Movie Guide


The Big Bounce (PG-13)

Director: George Armitage. With Owen Wilson, Morgan Freeman, Sara Foster, Charlie Sheen. (82 min.)

Sterritt *** See review.

The Perfect Score (PG-13)

Director: Brian Robbins. With Scarlett Johansson, Erika Christensen, Matthew Lillard, Chris Evans. (93 min.)

Staff * Five high-schoolers conspire to steal the SAT answers from the Princeton testing center with only a moderate amount of ability to ACT along the way. Writers Marc Hyman, Mark Schwahn, and Jon Zack must have done well on the math portion of their SATs, because they have no trouble locating the lowest common denominator and then catering to it. The film is not a Perfect Bore, however, as some legitimate points are (barely) raised about the drawbacks of the standardized testing system, but it still insults the intelligence of moviegoers. By Brad Rosenberg

The Trilogy: On the Run (Not rated)

Director: Lucas Belvaux. With Lucas Belvaux, Catherine Frot, Gilbert Melki, Ornella Muti. (117 min.)

Sterritt *** See review.

Along Came Polly (PG-13)

Director: John Hamburg. With Ben Stiller, Jennifer Aniston, Philip Seymour Hoffman, Debra Messing. (90 min.)

Sterritt * A neurotically cautious man (Stiller) gets cheated on by his wife (Messing) during their honeymoon, whereupon he inexplicably starts chasing a woman (Aniston) whose life philosophy is the dead opposite of his. If you can swallow that premise, you may be able to tolerate the crass bathroom humor and the weak acting.

Big Fish (PG-13)

Director: Tim Burton. With Albert Finney, Jessica Lange, Ewan McGregor, Billy Crudup, Alison Lohman. (110 min.)

Sterritt ** A young man (McGregor) tries to understand the life of his estranged, now dying father (Finney) by sifting grains of truth from the mountains of tall tales the old guy was forever telling about himself. Burton spices up the story with touches of his trademarked surrealism, but they're swamped by the sentimentality of John August's screenplay.

Staff *** Shallow story, bizarre at times, longish.

Sex/Nudity: 3 innuendoes, 2 scenes of brief nudity. Violence: 4 scenes, including a fight. Profanity: 9 instances. Drugs: 2 scenes of drinking, 4 scenes of smoking.

The Butterfly Effect (R)

Directors: J. Mackye Gruber, Eric Bress. With Ashton Kutcher, Amy Smart, Eric Stoltz. (113 min.)

Sterritt * See review, page 18. A troubled young man gradually learns he's been traveling back in time, inhabiting his body in earlier stages of his life, and altering events in ways that befuddle him when he returns to a present that's changed in ways he didn't expect. The premise is promising, nodding to Ray Bradbury's classic story "A Sound of Thunder," among other sources. Too bad the screenplay is as confused as the hero, and that heartthrob Kutcher isn't enough of an actor to make much of it seem plausible.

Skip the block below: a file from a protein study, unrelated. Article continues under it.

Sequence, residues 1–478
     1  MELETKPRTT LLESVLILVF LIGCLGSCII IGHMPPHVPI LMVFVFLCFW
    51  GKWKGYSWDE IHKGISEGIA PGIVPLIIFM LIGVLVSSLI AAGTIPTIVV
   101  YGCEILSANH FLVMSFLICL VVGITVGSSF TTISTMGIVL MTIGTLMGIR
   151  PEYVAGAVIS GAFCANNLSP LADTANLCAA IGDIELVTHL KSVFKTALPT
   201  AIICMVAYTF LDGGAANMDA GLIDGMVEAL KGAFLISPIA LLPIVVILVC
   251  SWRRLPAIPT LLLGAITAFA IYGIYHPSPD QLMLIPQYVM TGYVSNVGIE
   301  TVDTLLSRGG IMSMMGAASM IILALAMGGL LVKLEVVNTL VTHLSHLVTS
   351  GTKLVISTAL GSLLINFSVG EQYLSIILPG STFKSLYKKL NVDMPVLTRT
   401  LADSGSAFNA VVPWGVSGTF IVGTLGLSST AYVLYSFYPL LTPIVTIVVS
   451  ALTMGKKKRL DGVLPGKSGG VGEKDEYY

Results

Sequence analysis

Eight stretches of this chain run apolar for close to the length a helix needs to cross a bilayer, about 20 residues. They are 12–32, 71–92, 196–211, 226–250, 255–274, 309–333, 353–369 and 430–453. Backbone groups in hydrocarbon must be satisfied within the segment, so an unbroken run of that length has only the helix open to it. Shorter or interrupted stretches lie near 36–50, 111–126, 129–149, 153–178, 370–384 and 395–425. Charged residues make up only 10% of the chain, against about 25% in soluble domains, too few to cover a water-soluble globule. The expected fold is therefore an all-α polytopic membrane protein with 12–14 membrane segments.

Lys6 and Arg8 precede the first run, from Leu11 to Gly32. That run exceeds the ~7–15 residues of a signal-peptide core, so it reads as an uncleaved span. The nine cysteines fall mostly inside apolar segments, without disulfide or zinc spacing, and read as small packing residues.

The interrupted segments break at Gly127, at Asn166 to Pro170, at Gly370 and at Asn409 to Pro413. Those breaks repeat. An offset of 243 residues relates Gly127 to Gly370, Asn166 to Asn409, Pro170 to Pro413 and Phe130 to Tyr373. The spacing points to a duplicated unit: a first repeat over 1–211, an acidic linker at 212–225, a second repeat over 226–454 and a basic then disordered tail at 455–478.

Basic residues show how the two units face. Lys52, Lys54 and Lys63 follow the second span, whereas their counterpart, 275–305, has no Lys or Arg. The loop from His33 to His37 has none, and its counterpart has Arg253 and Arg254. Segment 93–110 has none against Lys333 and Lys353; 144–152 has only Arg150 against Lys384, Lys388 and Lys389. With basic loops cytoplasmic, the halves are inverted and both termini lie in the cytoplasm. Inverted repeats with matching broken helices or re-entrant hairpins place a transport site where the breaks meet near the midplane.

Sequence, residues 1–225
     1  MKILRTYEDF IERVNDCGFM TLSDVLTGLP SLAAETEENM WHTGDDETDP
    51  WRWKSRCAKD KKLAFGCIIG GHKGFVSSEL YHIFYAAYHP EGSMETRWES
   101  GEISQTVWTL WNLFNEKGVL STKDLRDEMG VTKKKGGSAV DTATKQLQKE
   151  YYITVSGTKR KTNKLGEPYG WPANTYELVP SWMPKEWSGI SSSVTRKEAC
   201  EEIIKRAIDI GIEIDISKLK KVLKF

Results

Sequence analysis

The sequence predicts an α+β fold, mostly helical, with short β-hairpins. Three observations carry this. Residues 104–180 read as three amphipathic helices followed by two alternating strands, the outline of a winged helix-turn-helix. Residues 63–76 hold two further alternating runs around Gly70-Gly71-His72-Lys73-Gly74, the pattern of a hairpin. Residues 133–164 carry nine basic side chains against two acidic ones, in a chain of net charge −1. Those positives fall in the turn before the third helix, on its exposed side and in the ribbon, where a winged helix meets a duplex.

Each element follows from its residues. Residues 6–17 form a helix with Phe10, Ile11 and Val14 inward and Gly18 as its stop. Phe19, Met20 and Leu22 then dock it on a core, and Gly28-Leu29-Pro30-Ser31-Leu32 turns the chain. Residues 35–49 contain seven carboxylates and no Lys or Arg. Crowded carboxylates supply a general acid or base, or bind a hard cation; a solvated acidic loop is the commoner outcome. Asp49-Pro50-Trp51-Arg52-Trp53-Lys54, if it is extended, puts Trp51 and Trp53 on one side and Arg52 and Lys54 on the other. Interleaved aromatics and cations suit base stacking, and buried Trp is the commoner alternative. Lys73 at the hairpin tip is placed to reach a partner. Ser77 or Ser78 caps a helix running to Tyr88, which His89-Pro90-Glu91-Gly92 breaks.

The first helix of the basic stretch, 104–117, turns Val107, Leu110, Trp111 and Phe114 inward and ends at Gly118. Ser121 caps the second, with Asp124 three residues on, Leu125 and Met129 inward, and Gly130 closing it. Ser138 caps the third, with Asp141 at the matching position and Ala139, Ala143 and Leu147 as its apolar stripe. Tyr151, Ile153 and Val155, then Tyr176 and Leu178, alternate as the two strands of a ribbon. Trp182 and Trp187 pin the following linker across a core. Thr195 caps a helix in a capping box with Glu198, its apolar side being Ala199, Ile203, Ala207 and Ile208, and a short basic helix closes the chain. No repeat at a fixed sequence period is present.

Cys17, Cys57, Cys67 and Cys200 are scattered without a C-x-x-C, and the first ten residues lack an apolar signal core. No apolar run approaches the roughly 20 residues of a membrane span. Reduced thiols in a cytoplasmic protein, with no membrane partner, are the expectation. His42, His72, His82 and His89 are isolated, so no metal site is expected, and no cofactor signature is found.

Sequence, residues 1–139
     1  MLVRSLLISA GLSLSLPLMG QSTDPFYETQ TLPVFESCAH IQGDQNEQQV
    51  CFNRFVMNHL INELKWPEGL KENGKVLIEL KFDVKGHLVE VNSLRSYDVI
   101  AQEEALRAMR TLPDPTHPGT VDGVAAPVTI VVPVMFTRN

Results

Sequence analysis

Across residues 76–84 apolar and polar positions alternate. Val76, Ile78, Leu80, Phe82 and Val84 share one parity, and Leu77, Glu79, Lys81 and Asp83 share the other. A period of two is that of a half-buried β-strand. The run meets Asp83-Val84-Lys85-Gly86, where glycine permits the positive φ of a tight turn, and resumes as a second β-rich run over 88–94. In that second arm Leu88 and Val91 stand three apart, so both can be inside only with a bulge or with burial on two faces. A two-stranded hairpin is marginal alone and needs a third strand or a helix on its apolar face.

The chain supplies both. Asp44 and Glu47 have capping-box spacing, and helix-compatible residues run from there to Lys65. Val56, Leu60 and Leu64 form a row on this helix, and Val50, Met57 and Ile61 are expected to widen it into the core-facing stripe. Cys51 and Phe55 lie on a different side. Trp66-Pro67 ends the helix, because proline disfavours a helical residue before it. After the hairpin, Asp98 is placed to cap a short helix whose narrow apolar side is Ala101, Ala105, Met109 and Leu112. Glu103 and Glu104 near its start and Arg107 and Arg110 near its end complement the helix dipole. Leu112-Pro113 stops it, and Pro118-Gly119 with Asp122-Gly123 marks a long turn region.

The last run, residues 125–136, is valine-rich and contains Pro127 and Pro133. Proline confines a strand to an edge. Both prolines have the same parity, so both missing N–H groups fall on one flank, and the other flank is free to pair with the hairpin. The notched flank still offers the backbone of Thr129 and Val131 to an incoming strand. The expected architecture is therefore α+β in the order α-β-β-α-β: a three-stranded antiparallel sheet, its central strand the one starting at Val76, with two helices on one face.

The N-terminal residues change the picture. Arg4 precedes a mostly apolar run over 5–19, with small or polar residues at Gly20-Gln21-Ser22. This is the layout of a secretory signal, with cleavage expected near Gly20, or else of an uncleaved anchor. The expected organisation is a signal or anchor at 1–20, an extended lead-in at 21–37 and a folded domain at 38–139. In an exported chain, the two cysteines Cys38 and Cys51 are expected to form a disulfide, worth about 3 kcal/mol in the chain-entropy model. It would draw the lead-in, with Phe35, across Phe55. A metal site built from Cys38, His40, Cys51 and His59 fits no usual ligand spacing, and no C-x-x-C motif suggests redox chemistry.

Cheaper by the Dozen (PG)

Director: Shawn Levy. With Steve Martin, Bonnie Hunt, Hilary Duff, Piper Perabo. (95 min.)

Sterritt ** Remake of the 1950 comedy about a couple with almost more kids than they can count, focusing on how football-coach dad (Martin) and book-writing mom (Hunt) learn they've got to spend more time at home. Soft, sentimental, and as unlike real family life as you can get.

Cold Mountain (R)

Director: Anthony Minghella. With Nicole Kidman, Jude Law, Renée Zellweger. (155 min.)

Sterritt ** Just as the Civil War is breaking out, a young couple fall in love, and the man (Law) deserts the Confederate army for a long trek home to his love, who's been struggling for survival. The story builds some melodramatic momentum, but it's interrupted by episodes of suffering that smack more of sensationalism than candor. The fine cast is also misused.

Staff *** Zellweger adds verve, poetic, book is better.

Sex/Nudity: 5 instances, including nudity. Violence: 19 scenes including bloody battles. Profanity: 14 instances. Drugs: 5 scenes of drinking.

Girl With a Pearl Earring (PG-13)

Director: Peter Webber. With Scarlett Johansson, Colin Firth, Judy Parfitt. (95 min.)

Sterritt **** A young woman (Johansson) signs on as a servant in the home of Dutch painter Johannes Vermeer, becoming his model when he becomes fascinated by her beauty. What makes the movie distinctive is that it's photographed in imitation of Vermeer's style.

Staff ***1/2 Understated, lush, sumptuous visuals.

Sex/Nudity: 1 sex scene, 1 attempted rape, 5 scenes of innuendo. Violence: 6 scenes, including graphic ear piercing. Profanity: None. Drugs: 10 scenes with drinking.

The Last Samurai (R)

Director: Edward Zwick. With Tom Cruise, Ken Watanabe, Timothy Spall, Billy Connelly. (144 min.)

Sterritt ** A down-and-out Civil War veteran accepts an offer to teach Japanese troops how to shoot so they can subdue Japan's remaining samurai swordsmen. But his loyalties shift when he's held captive in a samurai village. The slow-moving movie puts more weight on pretty pictures than on historical issues.

Staff *** Flawed plot, beautifully shot, epic.

Sex/Nudity: 2 instances of innuendo. Violence: 21 scenes of bloody battle. Profanity: 4 instances. Drugs: 10 scenes of drinking, 2 scenes smoking.

Lord of the Rings: Return of the King (PG-13)